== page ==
One of Apple’s biggest advantages is also its biggest shortcoming: it doesn’t have much variety in its product lines. The first iPod came in any color you wanted as long as it was white, and worked with any computer as long as it was a current-generation Mac with FireWire. Things haven’t changed much over the years. The iPhone 4S comes in just two colors, and in three capacities, which you can’t upgrade.
Ironically, folks who want to be different — like the old Apple Think Different campaign used to advocate — now have to get some other phone. But finding one that matched or beat the iPhone has been nearly impossible. That is, until now.
The Nokia Lumia 900 beats Apple on a number of vectors. Don’t get me wrong: It is no knockout punch, and it likely won’t get an iPhone user to switch, but for a new smartphone user or one who hates Apple, it’s a viable contender. I’ve had a chance to spend time with the phone over the past few days, and here are some of my impressions.
The iPhone 4S has the most advanced LCD display of any phone. The Retina display is brighter and sharper than any other. However, AMOLED is the next generation of display technology after LCD, and while the Lumia’s larger display has less resolution, its colors are more brilliant, and outdoor visibility should be better. AMOLED likely represents the future for smartphone displays, at least until they can get transflective displays like the Qualcomm Mirasol technology to work. So while the iPhone 4S display is the best in its class, the Lumia display is in a more advanced class altogether.
Like the new iPad, the Lumia is a 4G phone. I expect when the iPhone 5 finally arrives later this year, it will be a 4G (LTE) phone as well. Most LTE phones get horrid battery life, but the Lumia manages a respectable seven hours, likely setting the bar that Apple will have to beat when it moves to LTE on the iPhone. Data is blindingly fast, but do remember this will cause you to burn through monthly data plans more quickly, so don’t get carried away if you get any LTE device.
In a world of iPhone knockoffs and wannabes, the Lumia 900’s jet-black finish, curved lines, and massive display stand out. It’s clearly bigger than the iPhone, and looks more advanced than the iPhone, almost as if it were carved out of one piece of metal (there is no removable back like many competitors). This is both a distinctly different-looking phone, and one that conveys the same “piece of art” feel, which typically just defines Apple devices. Oh, and you can get it in three colors: black, cyan, white. Apparently Nokia, unlike another vendor I could again mention, doesn’t live in a one-color, Model-T world.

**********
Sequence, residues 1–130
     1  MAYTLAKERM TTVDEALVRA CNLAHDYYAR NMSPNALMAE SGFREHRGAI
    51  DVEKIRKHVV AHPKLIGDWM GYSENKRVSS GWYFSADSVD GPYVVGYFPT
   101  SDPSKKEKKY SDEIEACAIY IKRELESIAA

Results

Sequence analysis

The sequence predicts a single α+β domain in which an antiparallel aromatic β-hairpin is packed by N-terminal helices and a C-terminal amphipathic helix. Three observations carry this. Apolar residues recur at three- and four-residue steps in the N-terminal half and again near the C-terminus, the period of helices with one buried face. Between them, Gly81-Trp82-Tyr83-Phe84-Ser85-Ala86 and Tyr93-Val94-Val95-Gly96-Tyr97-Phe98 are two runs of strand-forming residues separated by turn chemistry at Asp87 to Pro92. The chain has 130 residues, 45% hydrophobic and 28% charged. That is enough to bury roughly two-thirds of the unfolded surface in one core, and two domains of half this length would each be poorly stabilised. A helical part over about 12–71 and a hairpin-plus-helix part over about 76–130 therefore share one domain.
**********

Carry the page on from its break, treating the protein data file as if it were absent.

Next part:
Windows Phone Mango OS
Android often feels like the poor man’s iOS. Mango, the current version of the Windows Phone platform, is very different. It has improved over time with every OS refresh, and is a vastly simpler to learn than either iOS or Android. While it doesn’t have as many apps yet, it has most of the quality ones. The only critical app I’m currently missing is Aha Radio (which is used in next-generation automobile systems). Fortunately, most of my cars came out before Aha did. Unfortunately I’m upgrading the radio in one of them, and Aha is a major feature of it.
Finally, the Lumia 900 costs half of what an iPhone normally costs. While you’ll likely make up for that in LTE data consumption, it is still a hell of a bargain. Having a phone that seems to have the quality of an iPhone at half the price does represent a good deal.
There are a number of tradeoffs with this phone. LTE gives it shorter battery life and a larger, heavier battery. As noted above, there are also far fewer available apps, and the lower resolution screen isn’t as sharp as an iPhone 4S. Although I really don’t notice it, the Lumia 900 has a single-core Qualcomm processor rather the now more common multi-core processors.None are deal breakers for a new smartphone user, but an iPhone user would have difficulty justifying a move unless they were pissed at Apple, which does rarely happen. Apple users do love their phones.
The Lumia 900 is that it is a vast improvement over Nokia’s earlier Windows Phone efforts, which were in turn a vast improvement over Nokia’s largely failed earlier smartphones. If you measure a company by improvement, Nokia has moved from failure to contender in a very short period of time. It kind of makes you wonder what’s next at this rate of acceleration. Maybe Nokia will be the first in years to actually build a better phone than Apple does. We’ll see, but for now, the Nokia Lumia (if you don’t yet have a smartphone or are using Android) is one to consider soon.
Guest contributor Rob Enderle is the founder and principal analyst for the Enderle Group, and one of the most frequently quoted tech pundits in the world. Opinion pieces denote the opinions of the author, and do not necessarily represent the views of Digital Trends.
The views expressed here are solely those of the author and do not reflect the beliefs of Digital Trends.